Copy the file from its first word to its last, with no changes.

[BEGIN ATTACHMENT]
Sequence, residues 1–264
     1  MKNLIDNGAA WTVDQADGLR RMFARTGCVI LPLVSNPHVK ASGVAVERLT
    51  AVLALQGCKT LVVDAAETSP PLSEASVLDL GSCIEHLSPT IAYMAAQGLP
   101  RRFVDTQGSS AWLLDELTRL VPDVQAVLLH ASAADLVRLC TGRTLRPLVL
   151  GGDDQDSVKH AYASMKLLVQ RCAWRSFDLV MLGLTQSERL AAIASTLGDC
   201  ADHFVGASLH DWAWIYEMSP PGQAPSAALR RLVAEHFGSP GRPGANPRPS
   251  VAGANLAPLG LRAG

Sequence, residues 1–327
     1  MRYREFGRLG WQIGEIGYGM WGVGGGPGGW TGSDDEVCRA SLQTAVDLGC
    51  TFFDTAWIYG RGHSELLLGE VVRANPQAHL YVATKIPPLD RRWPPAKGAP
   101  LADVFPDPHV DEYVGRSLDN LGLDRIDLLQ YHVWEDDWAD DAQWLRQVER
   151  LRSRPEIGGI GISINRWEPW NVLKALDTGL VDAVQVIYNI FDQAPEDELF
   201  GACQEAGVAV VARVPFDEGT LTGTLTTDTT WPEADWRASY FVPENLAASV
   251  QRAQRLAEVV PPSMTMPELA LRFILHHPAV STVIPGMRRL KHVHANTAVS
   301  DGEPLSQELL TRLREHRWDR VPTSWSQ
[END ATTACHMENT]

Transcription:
Sequence, residues 1–264
     1  MKNLIDNGAA WTVDQADGLR RMFARTGCVI LPLVSNPHVK ASGVAVERLT
    51  AVLALQGCKT LVVDAAETSP PLSEASVLDL GSCIEHLSPT IAYMAAQGLP
   101  RRFVDTQGSS AWLLDELTRL VPDVQAVLLH ASAADLVRLC TGRTLRPLVL
   151  GGDDQDSVKH AYASMKLLVQ RCAWRSFDLV MLGLTQSERL AAIASTLGDC
   201  ADHFVGASLH DWAWIYEMSP PGQAPSAALR RLVAEHFGSP GRPGANPRPS
   251  VAGANLAPLG LRAG

Sequence, residues 1–327
     1  MRYREFGRLG WQIGEIGYGM WGVGGGPGGW TGSDDEVCRA SLQTAVDLGC
    51  TFFDTAWIYG RGHSELLLGE VVRANPQAHL YVATKIPPLD RRWPPAKGAP
   101  LADVFPDPHV DEYVGRSLDN LGLDRIDLLQ YHVWEDDWAD DAQWLRQVER
   151  LRSRPEIGGI GISINRWEPW NVLKALDTGL VDAVQVIYNI FDQAPEDELF
   201  GACQEAGVAV VARVPFDEGT LTGTLTTDTT WPEADWRASY FVPENLAASV
   251  QRAQRLAEVV PPSMTMPELA LRFILHHPAV STVIPGMRRL KHVHANTAVS
   301  DGEPLSQELL TRLREHRWDR VPTSWSQ